Why 'deproduction' is the future of automotive salvage

Deproduction scrapyard

The rate at which cars are scrapped in the UK has halved since the Covid-19 pandemic

A more intelligent approach to disassembly could be the answer to parts shortages in the existing car parc

‘Deproduction’ sounds like a mis-spelling in a biology lesson, but it’s what one vehicle salvaging company has started doing in Poole, Dorset.

Think of it as car production in reverse. Mounted on wheeled carriers, end-of-life cars travel along steel tracks, pausing at a series of four work stations where technicians dismantle them, placing their components in large hoppers. These are then wheeled to another area, where they’re checked, catalogued, cleaned and photographed prior to being sold to bodyshops, garages and the public.

It’s vehicle salvaging with a difference. Rather than mindlessly eviscerating old motors with hydraulic cutters and dropping the disembowelled carcasses into a crusher for bailing, the recycling approach taken by Charles Trent Ltd is methodical and surgical. There’s still an old shell to dispose of, but even this is crushed by a machine powered by solar energy captured on the roof of the firm’s warehouse.

Charles Trent isn’t alone in treating end-of-life vehicles this way. Other firms, such as ASM Auto Recycling of Thame in Oxfordshire, carefully strip, catalogue and sell parts too. The differences are Charles Trent’s strictly timed deproduction lines (a car is stripped in 15 minutes) and, at the end of them, the packaging area, where the checked parts are boxed up.

The idea isn’t new. France’s Indra was among the first to develop and adopt the approach, many years ago. However, Charles Trent is the only salvage firm to have implemented it in the UK.

It has required a huge investment and a massive new warehouse to accommodate the lines, work stations and rows of parts-storage shelves that dwarf anything at Ikea – and Charles Trent isn’t stopping there. Although the Poole plant only opened in August last year, it plans to have six in operation across the UK over the next five years.

With all of them running, it will process around 275,000 cars and recover three million parts per year. The Poole site alone should harvest 5500 parts per week.

“Demand is enormous,” says Marc Trent, the firm’s CEO. “Before Covid, we were exporting 30% of the parts, but now it’s down to 10%, because of the shortage of scrap cars in the UK and the shortage of new parts.”

Cars arrive on Charles Trent transporters for initial assessment – the first of nine stages on their journey from banger to box (see right). Category A write-offs (cars that must be crushed and their parts never reused) and those more than 20 years old are rejected.

Sourcing cars is a competitive business. Before the pandemic, around two million cars were scrapped in the UK per year. Today it’s half that.

When all four of the deproduction lines at the Poole site are running, around 100 vehicles per day will be processed. Already, with just a couple of them in action, the plant is operating double shifts.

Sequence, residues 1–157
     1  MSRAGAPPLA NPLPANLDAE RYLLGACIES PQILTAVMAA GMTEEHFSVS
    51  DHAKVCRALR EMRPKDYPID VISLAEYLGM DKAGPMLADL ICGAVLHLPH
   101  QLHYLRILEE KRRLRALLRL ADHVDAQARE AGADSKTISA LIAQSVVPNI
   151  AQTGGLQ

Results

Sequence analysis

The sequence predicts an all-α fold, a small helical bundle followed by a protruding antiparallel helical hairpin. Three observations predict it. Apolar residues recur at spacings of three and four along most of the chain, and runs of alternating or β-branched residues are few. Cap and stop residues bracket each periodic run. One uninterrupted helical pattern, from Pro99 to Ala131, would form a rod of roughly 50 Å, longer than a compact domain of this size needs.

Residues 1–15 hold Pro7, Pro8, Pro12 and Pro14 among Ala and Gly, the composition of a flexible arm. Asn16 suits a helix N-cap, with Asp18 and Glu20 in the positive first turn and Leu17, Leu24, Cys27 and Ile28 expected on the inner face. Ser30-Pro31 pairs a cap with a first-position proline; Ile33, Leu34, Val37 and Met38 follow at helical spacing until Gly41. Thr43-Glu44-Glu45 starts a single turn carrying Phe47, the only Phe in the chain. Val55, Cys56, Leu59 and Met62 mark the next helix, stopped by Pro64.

Trent walks me down one of them, at one point inviting me to have a crack at removing a Ford Galaxy’s windscreen wipers and scuttle panel – without damaging them. Unbolting the wipers is easy, getting them off the arms is not. The scuttle panel needs a few hefty applications of a large lever.

Just like on a production line, there are mechanical handlers that can turn a car through 90deg, allowing technicians to access mounts, exhaust systems and suspension assemblies.

Further along the line is the panel grading area, where doors, tailgates and bonnets are checked for imperfections and any marks and dents recorded to form part of the sales description.

Nearby is the engine repair area, which is turning out six functioning units per day.

The warehouse can store up to 7000 panels and carries 71,000 parts, with this total rising by 1000 per month. That’s a lot of parts, each with its own number, faithfully recorded at every step.

Around 2500 parts, all of them ‘certified recycled’ components, are sold each week, the majority via eBay to private buyers, who can save up to 70% compared with buying new.

The traceability of parts and their accurate grading and identification are key to the Charles Trent operation and one of the requirements of being a certified vehicle recycler, recognised by the Vehicle Recyclers Association.

Insurers, who buy many of Charles Trent’s recovered parts (many policies permit them to repair damaged cars using recycled parts, although not any that are safety-related), require proof that the part is no older than the car it’s to be fitted to, since the car must be restored to the position it was in prior to an accident.

Fitting used parts doesn’t guarantee a drop in premiums, however, because after their reconditioning or repainting, some parts are no cheaper than new. Instead, where the scheme helps is in plugging supply gaps, so helping to get cars back on the road sooner, and in burnishing insurers’ green credentials.

On that last point, it’s clear that reusing a perfectly good part has to be better for the planet than buying a new one – even if it means those pleasurable days of finding it yourself in a breaker’s yard are numbered.

Source: Autocar

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